ATHENS, Greece -Greece and its bailout creditors on Tuesday suspended talks on the country's austerity program until next week, after a new set of marathon overnight negotiations failed to produce a breakthrough.
Finance Minister Euclid Tsakalotos said the meetings in Athens would resume April 18, with an aim to reaching an agreement by April 22, when he is due to meet with his peers from the 19-country eurozone.
He said both Greece and its creditors -- other European countries and the International Monetary Fund -- agreed that some progress has been made.
The new pause in the talks, which were originally scheduled for completion last October, will allow officials participating in the negotiations to attend an IMF meeting in Washington this week.
Government spokeswoman Olga Gerovassili voiced optimism that an agreement can be found in time. "It is in the interest of all the parties involved," she said.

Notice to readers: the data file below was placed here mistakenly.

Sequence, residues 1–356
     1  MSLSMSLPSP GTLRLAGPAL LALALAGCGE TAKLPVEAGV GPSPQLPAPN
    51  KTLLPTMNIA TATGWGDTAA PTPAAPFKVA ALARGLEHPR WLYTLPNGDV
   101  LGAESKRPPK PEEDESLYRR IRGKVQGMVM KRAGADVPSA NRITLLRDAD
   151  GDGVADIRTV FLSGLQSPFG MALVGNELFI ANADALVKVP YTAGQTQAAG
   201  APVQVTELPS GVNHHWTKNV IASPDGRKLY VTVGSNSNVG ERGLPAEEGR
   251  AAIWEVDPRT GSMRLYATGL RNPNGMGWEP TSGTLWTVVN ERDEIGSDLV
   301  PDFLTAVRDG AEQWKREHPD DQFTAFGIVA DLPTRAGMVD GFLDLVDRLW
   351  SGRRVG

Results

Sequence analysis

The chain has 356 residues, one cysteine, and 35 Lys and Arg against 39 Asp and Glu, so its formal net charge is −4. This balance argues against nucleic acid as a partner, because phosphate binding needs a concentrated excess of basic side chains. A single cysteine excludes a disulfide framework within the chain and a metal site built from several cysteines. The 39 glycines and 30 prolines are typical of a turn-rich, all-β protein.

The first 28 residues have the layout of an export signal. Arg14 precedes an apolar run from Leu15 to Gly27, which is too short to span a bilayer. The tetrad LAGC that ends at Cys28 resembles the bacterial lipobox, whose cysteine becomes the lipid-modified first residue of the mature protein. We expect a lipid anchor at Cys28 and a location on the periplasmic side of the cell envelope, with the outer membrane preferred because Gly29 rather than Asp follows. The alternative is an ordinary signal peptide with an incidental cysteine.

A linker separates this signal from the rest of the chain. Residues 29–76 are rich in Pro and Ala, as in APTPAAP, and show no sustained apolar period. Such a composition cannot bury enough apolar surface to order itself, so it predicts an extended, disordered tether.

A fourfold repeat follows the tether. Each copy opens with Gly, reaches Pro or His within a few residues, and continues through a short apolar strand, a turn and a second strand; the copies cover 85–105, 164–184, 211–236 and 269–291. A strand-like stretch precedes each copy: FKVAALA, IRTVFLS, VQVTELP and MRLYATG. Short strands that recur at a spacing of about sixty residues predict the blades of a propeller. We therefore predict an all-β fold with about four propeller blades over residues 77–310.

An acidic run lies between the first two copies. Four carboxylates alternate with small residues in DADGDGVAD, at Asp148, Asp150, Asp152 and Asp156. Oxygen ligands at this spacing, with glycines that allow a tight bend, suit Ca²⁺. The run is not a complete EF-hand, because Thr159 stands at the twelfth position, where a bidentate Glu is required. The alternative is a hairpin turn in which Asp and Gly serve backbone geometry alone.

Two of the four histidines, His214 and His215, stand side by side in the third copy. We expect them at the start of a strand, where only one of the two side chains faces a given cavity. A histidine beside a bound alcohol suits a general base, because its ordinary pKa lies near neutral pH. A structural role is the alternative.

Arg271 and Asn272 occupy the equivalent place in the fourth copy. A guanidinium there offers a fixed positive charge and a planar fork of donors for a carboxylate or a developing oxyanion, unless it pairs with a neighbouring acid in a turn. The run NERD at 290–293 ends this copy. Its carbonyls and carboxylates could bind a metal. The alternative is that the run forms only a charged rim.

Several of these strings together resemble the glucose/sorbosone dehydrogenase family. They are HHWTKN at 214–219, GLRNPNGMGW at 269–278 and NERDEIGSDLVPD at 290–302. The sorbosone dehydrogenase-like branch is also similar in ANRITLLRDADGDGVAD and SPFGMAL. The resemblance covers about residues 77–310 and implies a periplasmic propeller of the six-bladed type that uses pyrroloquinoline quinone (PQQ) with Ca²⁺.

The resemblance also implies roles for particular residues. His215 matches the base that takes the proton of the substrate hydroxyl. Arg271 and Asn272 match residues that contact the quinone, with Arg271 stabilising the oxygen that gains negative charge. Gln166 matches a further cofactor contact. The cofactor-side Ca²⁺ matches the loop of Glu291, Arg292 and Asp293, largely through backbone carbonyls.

Greece's left-led government is hoping to conclude the talks as soon as possible because that would allow the beginning of negotiations with creditors on easing the country's crippling debt load.
The main sticking points are creditors' demands for cuts in pensions under a sweeping reform package designed to keep the tottering system alive, plus tax reform and the degree of protection accorded to individuals and companies struggling to repay their bank loans.
The country has depended on rescue loans since 2010 and signed up to a third bailout last summer after the government ditched its anti-bailout policies to prevent a disastrous Greek exit from the eurozone.
Gerovassili insisted that Greece would honor its bailout commitments, but she accused the IMF of dragging its feet during the negotiations.
The Labor Ministry said agreement or significant progress has been achieved on the proposed pension reforms, insisting that there will be no reductions in basic pensions. It also said Tuesday that its proposals for a core national pension of 384 euros ($438) have been accepted.